The air barrier is one of the most significant items on any building exterior. The installation and process should reflect the importance of the system and its intricate installation and integration of non-air barrier system components, such as waterproofing, structural elements, windows, and roofing systems.
The importance of infection control and the impact of operating conditions on the built environment have taken renewed focus in the wake of the COVID-19 pandemic. As a part of the ongoing response, industry organizations, such as the American Society of Heating and Refrigerating and Air-conditioning Engineers (ASHRAE), have released updated considerations for design and construction professionals, including airflow strategies and temperature and humidity controls, as well as ventilation and pressurization.
Metal can be formed into several shapes, sizes, colors, and textures to meet almost any aesthetic. If specified correctly, the assembly will last for the life of the building with very few issues. Three broad categories—composites, insulated metal panels (IMPs), and single-skin—of metal rainscreens are widely used.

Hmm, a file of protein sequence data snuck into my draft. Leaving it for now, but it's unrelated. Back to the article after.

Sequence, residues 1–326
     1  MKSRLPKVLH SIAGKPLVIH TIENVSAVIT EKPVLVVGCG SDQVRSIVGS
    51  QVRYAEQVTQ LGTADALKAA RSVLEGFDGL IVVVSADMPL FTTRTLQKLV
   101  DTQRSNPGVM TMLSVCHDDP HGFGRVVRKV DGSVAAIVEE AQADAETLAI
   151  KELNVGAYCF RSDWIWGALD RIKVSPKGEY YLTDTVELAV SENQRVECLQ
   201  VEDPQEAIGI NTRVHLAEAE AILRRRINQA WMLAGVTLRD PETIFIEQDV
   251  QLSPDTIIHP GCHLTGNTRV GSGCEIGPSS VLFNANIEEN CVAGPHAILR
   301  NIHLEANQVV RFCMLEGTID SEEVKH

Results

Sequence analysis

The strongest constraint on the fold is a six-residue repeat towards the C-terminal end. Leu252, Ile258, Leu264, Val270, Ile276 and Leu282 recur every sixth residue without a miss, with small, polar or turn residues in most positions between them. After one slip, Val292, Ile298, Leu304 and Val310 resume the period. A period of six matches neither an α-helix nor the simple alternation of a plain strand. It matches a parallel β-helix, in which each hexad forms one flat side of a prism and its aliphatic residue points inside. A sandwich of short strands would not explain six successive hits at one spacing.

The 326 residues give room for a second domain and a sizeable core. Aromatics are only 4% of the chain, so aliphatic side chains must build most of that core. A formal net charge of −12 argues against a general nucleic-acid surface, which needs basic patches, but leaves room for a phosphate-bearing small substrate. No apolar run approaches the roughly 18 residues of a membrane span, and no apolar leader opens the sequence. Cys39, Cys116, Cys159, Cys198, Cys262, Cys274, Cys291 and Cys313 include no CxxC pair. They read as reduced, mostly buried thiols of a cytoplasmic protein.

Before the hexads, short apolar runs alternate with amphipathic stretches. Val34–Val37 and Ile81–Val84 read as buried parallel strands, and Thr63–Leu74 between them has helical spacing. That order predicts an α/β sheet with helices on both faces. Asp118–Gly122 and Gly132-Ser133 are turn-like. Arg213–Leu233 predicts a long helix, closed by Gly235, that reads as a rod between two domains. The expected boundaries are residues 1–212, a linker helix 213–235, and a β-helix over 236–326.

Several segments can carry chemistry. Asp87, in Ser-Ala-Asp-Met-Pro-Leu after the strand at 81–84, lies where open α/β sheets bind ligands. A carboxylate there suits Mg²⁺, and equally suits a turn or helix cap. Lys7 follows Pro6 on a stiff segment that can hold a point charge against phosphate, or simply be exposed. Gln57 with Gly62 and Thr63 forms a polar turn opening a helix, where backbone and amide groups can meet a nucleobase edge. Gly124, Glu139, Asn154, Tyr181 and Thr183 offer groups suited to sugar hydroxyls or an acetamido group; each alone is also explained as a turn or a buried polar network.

The term rainscreen refers to a building system fulfilling one of the main functions of an exterior wall—to screen out rain and keep a wall dry. While at one time that system would have encompassed moisture control alone, the complexity of exterior wall assemblies now requires a more integrated approach. Multicladding aesthetics with the benefit of continuous control layers are achievable with new rainscreen system designs.
With the variety of cladding materials available today, and designers’ penchants to combine styles and textures, it is essential to specify building envelope controls that are compatible with multiple cladding types. This balancing act between aesthetic preferences and air and moisture management is where gypsum-integrated water-resistive barrier-air barrier (WRB-AB) sheathings shine.